Wednesday, July 06, 2005

Canada’s free-market traditions

In today’s National Post, Michel Kelly-Gagnon, president of the Montreal Economic Institute, reviews Canadian economic history and challenges the view "that interventionist government, high taxes, protectionist policies and socialized medicine constitute the very fabric of our national identity."

Two years ago, Americans celebrated the bicentenary of the famed Lewis and Clark expedition of 1803 to explore the Northwest. This expedition was funded by the U.S. Congress, at the request of president Thomas Jefferson. Few people know that whereas the U.S. government subsidized its westbound explorers, the Canadian West was explored by a private expedition paid for by private interests. Indeed, in Canada, during the 1770s, the North West Company and fur traders such as Alexander Mackenzie were moving their way to the Canadian West in search of profit, and without government money.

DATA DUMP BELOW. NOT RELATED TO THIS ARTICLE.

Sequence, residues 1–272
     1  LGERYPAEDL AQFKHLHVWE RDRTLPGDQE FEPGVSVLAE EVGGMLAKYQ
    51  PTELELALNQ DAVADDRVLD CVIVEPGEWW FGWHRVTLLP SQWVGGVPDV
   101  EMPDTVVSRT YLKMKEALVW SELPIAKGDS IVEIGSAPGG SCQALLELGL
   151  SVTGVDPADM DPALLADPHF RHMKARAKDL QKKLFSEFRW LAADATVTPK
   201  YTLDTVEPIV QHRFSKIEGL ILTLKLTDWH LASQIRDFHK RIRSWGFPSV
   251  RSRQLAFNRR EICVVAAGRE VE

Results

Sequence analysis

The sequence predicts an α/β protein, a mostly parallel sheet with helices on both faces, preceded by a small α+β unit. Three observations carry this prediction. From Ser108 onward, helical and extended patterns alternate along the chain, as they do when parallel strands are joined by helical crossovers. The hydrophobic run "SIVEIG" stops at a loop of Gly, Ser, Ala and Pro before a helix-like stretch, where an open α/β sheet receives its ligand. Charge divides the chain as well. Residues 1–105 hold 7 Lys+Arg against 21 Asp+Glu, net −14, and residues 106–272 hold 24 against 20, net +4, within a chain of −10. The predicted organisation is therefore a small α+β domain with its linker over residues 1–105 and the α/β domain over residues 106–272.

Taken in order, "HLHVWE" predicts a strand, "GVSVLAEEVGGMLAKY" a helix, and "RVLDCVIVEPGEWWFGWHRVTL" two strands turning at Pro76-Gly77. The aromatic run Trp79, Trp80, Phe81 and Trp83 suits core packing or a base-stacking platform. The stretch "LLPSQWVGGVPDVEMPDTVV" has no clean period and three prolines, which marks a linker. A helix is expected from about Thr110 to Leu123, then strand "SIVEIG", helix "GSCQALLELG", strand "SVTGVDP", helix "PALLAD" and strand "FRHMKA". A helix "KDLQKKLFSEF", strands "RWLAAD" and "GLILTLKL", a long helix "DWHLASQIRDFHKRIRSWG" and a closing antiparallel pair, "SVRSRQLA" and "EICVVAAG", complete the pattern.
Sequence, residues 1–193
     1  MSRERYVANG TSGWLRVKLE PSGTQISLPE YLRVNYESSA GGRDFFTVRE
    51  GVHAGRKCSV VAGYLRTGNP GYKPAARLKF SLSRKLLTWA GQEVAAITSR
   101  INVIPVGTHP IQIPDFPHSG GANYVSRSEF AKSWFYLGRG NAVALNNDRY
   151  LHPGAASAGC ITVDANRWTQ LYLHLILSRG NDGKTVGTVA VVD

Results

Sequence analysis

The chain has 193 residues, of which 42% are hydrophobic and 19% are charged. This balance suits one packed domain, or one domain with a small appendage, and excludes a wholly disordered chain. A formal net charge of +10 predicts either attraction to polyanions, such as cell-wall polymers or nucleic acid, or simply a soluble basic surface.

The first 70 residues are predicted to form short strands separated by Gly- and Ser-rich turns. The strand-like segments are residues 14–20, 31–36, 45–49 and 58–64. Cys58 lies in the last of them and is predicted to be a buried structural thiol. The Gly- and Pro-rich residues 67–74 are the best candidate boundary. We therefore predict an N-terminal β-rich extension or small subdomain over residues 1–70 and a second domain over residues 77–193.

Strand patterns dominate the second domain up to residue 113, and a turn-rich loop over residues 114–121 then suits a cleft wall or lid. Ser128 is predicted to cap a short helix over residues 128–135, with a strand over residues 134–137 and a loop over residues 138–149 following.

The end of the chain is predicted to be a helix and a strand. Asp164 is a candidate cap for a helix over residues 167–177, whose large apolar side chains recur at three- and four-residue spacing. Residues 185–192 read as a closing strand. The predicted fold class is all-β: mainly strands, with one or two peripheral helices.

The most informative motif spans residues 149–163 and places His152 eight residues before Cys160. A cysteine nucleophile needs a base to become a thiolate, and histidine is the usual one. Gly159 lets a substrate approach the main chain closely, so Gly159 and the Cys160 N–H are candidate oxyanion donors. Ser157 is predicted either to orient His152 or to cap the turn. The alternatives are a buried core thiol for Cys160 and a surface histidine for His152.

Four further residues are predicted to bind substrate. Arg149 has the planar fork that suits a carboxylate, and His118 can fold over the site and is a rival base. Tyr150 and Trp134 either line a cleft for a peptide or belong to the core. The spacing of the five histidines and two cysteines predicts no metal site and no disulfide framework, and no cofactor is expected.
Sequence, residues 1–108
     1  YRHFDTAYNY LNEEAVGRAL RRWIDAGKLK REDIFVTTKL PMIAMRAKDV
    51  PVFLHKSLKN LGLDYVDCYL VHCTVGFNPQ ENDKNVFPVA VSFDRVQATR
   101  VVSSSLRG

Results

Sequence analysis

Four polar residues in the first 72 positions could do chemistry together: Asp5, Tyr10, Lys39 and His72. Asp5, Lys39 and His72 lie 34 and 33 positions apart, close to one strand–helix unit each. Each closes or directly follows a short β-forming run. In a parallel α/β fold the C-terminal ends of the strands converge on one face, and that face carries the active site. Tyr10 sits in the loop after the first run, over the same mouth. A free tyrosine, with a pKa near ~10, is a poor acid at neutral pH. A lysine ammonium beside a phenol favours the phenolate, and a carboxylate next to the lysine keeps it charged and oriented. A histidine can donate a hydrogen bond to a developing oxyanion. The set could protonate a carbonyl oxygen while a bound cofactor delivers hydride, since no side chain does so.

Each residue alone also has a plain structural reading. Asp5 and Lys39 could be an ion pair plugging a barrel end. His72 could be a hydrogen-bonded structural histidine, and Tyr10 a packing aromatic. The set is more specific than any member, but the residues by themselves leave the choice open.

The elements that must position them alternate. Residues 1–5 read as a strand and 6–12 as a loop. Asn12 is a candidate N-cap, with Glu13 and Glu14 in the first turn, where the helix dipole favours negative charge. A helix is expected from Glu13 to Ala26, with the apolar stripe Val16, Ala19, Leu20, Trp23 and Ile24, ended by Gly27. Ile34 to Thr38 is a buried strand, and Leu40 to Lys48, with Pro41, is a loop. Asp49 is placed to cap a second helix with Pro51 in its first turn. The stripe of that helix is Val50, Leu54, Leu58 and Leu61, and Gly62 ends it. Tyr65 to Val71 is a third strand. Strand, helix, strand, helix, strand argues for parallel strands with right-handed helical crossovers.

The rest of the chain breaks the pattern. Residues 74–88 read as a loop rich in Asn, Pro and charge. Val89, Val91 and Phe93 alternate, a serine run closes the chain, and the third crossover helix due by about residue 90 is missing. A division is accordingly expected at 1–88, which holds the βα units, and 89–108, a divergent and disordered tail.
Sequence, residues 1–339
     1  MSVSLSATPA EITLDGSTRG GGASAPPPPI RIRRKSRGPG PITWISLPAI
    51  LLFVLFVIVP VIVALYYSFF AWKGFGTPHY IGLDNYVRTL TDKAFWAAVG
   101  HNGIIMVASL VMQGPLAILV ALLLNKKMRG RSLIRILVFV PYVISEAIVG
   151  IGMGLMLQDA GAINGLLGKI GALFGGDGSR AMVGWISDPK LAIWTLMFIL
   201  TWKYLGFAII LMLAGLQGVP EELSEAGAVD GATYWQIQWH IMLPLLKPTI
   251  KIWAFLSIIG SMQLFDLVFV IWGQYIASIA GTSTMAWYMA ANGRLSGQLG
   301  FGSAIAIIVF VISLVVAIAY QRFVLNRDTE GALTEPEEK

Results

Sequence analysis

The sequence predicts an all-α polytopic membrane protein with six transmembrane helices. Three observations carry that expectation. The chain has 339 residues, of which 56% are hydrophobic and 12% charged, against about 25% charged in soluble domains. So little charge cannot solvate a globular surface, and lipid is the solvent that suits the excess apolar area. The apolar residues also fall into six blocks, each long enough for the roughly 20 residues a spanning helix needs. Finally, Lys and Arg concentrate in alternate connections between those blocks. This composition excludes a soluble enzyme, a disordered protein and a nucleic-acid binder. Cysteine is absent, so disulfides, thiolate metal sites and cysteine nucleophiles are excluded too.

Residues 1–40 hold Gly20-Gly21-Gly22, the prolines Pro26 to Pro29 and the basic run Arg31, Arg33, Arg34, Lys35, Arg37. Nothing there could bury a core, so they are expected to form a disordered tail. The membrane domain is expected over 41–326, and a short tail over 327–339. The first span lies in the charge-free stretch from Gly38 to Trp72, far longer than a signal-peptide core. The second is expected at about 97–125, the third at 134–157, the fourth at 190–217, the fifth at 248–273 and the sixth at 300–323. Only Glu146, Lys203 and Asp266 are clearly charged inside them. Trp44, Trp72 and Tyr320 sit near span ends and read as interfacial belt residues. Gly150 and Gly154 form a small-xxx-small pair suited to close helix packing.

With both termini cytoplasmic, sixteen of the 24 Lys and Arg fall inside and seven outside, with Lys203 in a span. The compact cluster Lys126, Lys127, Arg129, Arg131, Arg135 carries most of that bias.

I think there is great symbolism to be found in that story. It contradicts the notion that U.S. history is all about private initiatives, and that Canada's history is nothing but a long succession of heavy government interventionism. This is simply not true. Actually, for many years, in many areas, it was the other way around. More and more distinguished scholars are showing us that it is a fabrication of our nationalist elites (and I mean both Canadian and Quebec nationalists) that you cannot be a "real Canadian" or a "real Quebecer" if you are opposed to statism and big government.

Our dependence on the all-encompassing, interventionist state is a relatively recent phenomenon. Despite what some would have us believe, the state is not what defines us as Canadians. Much of what we have accomplished as a nation has been through private initiative. Our free-market traditions have served us well in the past. They can provide guidance to the present and future as well.

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